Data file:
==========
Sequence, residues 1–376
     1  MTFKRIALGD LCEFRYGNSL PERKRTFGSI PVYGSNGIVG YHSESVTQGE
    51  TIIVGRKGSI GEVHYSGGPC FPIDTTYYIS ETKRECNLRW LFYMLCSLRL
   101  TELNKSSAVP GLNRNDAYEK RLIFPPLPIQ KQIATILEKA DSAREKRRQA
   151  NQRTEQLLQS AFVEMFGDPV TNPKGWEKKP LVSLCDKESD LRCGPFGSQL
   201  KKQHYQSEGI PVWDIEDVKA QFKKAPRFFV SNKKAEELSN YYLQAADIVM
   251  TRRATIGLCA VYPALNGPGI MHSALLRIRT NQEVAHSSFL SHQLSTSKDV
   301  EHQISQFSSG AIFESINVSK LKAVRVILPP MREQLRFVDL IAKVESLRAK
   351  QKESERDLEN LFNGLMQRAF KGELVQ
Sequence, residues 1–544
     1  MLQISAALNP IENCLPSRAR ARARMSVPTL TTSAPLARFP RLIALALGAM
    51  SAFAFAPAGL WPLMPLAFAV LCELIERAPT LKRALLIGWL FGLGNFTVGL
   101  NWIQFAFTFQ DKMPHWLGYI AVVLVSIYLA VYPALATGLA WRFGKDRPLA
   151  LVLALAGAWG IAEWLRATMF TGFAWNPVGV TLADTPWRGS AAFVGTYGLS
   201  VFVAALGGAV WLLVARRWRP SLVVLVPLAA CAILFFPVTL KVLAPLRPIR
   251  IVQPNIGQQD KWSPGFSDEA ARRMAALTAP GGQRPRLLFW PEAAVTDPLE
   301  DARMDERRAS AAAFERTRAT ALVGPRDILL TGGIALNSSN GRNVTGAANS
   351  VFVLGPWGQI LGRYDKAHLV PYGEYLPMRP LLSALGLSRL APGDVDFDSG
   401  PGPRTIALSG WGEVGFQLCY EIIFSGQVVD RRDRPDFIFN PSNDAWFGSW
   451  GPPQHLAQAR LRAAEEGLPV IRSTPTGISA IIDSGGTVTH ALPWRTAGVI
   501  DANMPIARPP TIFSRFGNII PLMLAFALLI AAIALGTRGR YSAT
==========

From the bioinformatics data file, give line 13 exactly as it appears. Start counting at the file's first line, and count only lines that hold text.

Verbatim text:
   101  NWIQFAFTFQ DKMPHWLGYI AVVLVSIYLA VYPALATGLA WRFGKDRPLA